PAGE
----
The BBC is back again with its overt display of Hinduphobia. In a cartoon mocking the Shastra Puja ritual conducted by Defence Minister Rajnath Singh while receiving the Rafale jets in France, the Hindi branch of the news organization took a dig at the thousands of years old Hindu ritual in its efforts to take potshots at the Indian economy.
As part of the Shastra Puja ritual, two lemons were placed in front of the wheels of the aircraft. In the cartoon, two lemons were placed in front of the wheels which had ‘economy’ written on them. The cartoon carried the caption ‘Shayad isse kuch fark padh jaaye (maybe this could change the fortunes)’.
It is rather unthinkable that the BBC will dare to mock the religious traditions of any other religious community in such a manner. For a news organization that helped create an entire business out of the Islamophobia hoax, it is extremely revolting that they are attacking the sacred religious traditions of Hindus. The BBC, which hasn’t even made any effort to counter the ‘Hijab is a choice’ narrative, is busy mocking the religious faith of Hindus.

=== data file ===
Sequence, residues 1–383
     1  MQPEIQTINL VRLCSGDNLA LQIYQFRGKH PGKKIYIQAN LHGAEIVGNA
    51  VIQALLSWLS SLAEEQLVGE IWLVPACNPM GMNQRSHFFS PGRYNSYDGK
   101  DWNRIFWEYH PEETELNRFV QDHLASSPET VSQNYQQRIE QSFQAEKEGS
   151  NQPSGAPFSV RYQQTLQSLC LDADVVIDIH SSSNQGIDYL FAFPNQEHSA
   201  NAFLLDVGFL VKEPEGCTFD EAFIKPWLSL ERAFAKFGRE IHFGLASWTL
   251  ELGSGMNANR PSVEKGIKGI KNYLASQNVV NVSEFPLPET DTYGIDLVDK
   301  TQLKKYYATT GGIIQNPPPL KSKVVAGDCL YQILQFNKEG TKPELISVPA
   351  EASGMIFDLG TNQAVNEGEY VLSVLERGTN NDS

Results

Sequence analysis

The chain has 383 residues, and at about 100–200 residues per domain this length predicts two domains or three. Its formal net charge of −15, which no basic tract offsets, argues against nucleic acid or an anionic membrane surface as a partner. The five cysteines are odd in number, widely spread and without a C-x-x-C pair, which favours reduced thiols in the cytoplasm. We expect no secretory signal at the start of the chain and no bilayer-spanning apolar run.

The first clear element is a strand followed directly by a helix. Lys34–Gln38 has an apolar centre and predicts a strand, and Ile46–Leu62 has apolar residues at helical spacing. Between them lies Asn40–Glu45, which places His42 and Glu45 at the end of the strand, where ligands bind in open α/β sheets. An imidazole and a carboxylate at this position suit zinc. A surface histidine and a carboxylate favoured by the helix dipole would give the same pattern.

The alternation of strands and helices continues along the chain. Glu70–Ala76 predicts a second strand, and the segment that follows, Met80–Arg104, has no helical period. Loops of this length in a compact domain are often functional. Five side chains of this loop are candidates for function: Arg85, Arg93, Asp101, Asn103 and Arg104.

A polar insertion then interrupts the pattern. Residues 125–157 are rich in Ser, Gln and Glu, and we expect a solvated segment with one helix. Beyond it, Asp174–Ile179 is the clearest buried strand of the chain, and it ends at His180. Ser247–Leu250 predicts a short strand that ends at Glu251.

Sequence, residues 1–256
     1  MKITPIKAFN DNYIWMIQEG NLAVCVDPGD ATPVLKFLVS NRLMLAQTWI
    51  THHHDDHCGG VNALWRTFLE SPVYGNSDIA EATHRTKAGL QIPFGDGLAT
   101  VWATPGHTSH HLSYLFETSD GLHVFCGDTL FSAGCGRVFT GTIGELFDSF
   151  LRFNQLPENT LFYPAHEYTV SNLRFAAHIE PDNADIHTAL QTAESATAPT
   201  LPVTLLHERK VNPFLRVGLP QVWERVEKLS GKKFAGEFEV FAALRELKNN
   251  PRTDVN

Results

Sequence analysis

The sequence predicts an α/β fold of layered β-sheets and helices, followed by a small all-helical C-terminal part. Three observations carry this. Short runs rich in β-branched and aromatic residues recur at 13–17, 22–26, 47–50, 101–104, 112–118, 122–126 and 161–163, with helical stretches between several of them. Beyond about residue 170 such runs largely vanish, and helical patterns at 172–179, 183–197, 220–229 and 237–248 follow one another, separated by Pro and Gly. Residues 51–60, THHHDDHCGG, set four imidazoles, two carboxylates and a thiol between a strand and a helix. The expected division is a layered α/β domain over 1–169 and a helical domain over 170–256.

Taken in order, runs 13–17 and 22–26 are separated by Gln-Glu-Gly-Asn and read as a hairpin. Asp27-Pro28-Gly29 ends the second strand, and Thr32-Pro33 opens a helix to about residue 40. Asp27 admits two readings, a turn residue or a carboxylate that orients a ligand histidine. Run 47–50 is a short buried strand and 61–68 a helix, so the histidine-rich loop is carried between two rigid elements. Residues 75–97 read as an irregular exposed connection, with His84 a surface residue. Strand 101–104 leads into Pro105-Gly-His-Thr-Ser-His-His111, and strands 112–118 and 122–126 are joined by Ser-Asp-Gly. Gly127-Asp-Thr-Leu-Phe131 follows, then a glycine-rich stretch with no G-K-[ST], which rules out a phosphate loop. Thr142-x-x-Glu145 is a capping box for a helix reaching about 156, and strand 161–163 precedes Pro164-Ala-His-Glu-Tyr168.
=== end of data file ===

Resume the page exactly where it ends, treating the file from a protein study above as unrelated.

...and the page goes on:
Such differential treatment of religious communities has become the hallmark of the Western media. While they mollycoddle radical Islamists and the fundamentalist sections of the Islamic community, they go out of their way to mock the religious traditions of other communities. Such differential treatment only further drives home the narrative that the western media has become the propaganda wing of Radical Islam.
Recently, the BBC Radio said that veteran show host Lord Singh talking about Sikhism would offend Muslims following which he quit in protest. Not too long ago, a producer at NPR was forced to resign after her Hinduphobic tweet went viral on social media. US Congresswoman Tulsi Gabbard has often been attacked by western media due to her Hindu identity as well. The conduct of western media in recent times only shows that Hinduphobia is endemic in Western Media and it is making no effort at all to address the problem.
As for the BBC, it has a problem with anything that unites Hindus. Our readers would remember they had published a ‘research‘ linking Hindu Nationalism with the rise of Fake News in India, which ironically, was the biggest example of Fake News.